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The 8 step art of eating  jerky

The longer you chew, the more fulling and satisying you will find the jerky to be.

Today jerky comes in a variety of different styles. Traditional jerky though was always cut in thick strips and then dried. You can eat the jerky at any point in the drying process, but most people eat it once it's pretty dry and fully preserved.

Some commercial companies these day dry their jerky at high temperatures, actually cooking it. This is an important difference as cooking jerky actually breaks down a lot of the connective tissue between the muscle fibers. While this is great when your cooking steaks, making them tender and easy to chew, it takes away one of the real benefits of jerky. It means that you don’t have anything left to chew on at the end... let us explain further.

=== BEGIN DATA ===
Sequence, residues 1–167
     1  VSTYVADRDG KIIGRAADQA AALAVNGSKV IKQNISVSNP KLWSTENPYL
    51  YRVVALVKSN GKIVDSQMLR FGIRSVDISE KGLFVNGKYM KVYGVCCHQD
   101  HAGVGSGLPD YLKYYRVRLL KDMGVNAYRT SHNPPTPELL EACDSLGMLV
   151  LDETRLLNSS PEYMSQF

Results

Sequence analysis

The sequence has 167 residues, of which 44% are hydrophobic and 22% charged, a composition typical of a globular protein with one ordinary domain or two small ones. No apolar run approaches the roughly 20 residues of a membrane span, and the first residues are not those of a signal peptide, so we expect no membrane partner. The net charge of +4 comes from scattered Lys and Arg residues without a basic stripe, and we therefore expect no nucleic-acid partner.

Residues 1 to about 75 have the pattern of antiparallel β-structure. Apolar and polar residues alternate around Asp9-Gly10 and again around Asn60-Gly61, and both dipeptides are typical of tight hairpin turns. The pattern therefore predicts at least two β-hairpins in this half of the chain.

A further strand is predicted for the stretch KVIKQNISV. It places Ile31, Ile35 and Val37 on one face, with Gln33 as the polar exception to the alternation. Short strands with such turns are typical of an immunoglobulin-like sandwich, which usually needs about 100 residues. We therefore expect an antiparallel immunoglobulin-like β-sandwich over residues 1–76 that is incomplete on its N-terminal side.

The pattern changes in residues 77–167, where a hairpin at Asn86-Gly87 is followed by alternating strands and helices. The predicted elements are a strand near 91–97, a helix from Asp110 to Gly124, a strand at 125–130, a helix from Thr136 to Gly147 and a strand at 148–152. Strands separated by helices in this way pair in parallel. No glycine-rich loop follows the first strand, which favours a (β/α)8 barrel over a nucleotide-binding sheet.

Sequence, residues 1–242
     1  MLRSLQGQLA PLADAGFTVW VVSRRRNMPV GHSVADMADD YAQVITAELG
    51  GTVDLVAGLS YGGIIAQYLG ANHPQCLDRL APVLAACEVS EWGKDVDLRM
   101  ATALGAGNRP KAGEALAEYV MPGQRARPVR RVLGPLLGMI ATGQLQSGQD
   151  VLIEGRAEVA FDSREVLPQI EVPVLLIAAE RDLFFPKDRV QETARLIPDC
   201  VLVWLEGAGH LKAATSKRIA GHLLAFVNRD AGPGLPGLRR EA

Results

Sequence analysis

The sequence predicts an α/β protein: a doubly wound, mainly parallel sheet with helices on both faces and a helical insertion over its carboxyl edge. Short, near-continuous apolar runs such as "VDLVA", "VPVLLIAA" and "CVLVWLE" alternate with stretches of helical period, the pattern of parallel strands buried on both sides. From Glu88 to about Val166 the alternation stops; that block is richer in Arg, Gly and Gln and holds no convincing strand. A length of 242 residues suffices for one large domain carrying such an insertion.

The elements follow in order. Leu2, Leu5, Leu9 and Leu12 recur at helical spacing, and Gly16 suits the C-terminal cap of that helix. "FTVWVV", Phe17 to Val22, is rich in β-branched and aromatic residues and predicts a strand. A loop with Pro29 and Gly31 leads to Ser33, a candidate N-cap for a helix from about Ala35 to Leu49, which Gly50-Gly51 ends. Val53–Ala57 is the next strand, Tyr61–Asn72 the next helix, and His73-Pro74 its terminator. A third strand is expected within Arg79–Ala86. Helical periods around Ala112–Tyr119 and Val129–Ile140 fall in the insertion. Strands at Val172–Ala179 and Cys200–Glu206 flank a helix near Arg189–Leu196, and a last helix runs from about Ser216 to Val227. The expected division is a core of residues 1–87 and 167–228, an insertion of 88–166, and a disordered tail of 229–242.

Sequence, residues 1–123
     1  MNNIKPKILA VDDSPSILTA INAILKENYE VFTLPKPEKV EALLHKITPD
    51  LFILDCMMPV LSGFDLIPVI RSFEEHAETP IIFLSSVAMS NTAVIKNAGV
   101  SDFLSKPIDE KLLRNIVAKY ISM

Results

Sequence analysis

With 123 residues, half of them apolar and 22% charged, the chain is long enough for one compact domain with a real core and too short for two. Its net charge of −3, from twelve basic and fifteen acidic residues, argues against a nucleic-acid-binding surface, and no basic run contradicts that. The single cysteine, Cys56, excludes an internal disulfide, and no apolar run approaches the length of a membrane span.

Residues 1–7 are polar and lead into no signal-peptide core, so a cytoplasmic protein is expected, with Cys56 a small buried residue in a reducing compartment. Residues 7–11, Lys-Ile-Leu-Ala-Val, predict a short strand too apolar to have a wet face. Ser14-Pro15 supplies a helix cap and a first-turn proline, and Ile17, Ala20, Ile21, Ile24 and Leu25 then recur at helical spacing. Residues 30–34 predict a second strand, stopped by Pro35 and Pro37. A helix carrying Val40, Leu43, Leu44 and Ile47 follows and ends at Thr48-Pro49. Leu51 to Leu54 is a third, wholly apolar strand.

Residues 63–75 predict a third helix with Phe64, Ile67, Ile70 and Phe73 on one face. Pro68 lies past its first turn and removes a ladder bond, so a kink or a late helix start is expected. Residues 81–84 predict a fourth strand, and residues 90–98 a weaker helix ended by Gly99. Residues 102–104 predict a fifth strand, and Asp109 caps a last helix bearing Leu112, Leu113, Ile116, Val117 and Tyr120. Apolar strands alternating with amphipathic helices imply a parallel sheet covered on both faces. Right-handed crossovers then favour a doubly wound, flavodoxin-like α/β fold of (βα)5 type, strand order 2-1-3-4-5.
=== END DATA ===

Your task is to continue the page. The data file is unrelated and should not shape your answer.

One of the reasons that jerky was almost universally used is that it is not just a good way of preserving meat for later use and it could be made to taste great, it also had some hidden benefits when on long treks.

You could chew it for a long time while you walked, paddled or rode. This would produce a lot of saliva that would mix with the dry jerky so would hit your stomach as a full bodied soup and would be very filling. Then you could just go on chewing the remaining connective tissue for a long time, even after all the flavour had gone, just like chewing gum. So it helped pass time on long arduous treks and being pretty much all protein, it is slow to digest so you would feel full for a long time.


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